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Title: Binding of an RNA aptamer and a partial peptide of a prion protein: crucial importance of water entropy in molecular recognition.
Authors: Hayashi, Tomohiko
Oshima, Hiraku
Mashima, Tsukasa  kyouindb  KAKEN_id
Nagata, Takashi  kyouindb  KAKEN_id  orcid (unconfirmed)
Katahira, Masato  kyouindb  KAKEN_id  orcid (unconfirmed)
Kinoshita, Masahiro  kyouindb  KAKEN_id
Author's alias: 木下, 正弘
Issue Date: May-2014
Publisher: Oxford University Press
Journal title: Nucleic acids research
Volume: 42
Issue: 11
Start page: 6861
End page: 6875
Abstract: It is a central issue to elucidate the new type of molecular recognition accompanied by a global structural change of a molecule upon binding to its targets. Here we investigate the driving force for the binding of R12 (a ribonucleic acid aptamer) and P16 (a partial peptide of a prion protein) during which P16 exhibits the global structural change. We calculate changes in thermodynamic quantities upon the R12-P16 binding using a statistical-mechanical approach combined with molecular models for water which is currently best suited to studies on hydration of biomolecules. The binding is driven by a water-entropy gain originating primarily from an increase in the total volume available to the translational displacement of water molecules in the system. The energy decrease due to the gain of R12-P16 attractive (van der Waals and electrostatic) interactions is almost canceled out by the energy increase related to the loss of R12-water and P16-water attractive interactions. We can explain the general experimental result that stacking of flat moieties, hydrogen bonding and molecular-shape and electrostatic complementarities are frequently observed in the complexes. It is argued that the water-entropy gain is largely influenced by the geometric characteristics (overall shapes, sizes and detailed polyatomic structures) of the biomolecules.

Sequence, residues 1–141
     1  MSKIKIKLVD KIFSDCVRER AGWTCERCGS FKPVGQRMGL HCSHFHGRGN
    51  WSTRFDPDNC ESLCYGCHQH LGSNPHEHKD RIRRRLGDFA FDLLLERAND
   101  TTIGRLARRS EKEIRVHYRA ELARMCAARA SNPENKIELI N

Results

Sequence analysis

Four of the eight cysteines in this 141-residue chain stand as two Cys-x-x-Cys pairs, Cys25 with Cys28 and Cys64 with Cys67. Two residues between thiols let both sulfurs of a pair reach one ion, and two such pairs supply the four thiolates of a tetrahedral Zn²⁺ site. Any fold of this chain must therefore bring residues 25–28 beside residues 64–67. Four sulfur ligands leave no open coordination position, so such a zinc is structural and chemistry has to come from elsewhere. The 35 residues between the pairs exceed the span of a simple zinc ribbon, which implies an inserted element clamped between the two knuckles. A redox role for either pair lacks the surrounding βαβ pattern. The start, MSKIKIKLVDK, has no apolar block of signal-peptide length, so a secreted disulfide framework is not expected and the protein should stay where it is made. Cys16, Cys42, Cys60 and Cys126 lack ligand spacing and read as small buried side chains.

Rights: © The Author(s) 2014. Published by Oxford University Press on behalf of Nucleic Acids Research.
This is an Open Access article distributed under the terms of the Creative Commons Attribution License (, which permits unrestricted reuse, distribution, and reproduction in any medium, provided the original work is properly cited.
DOI(Published Version): 10.1093/nar/gku382
PubMed ID: 24803670
Appears in Collections:Journal Articles

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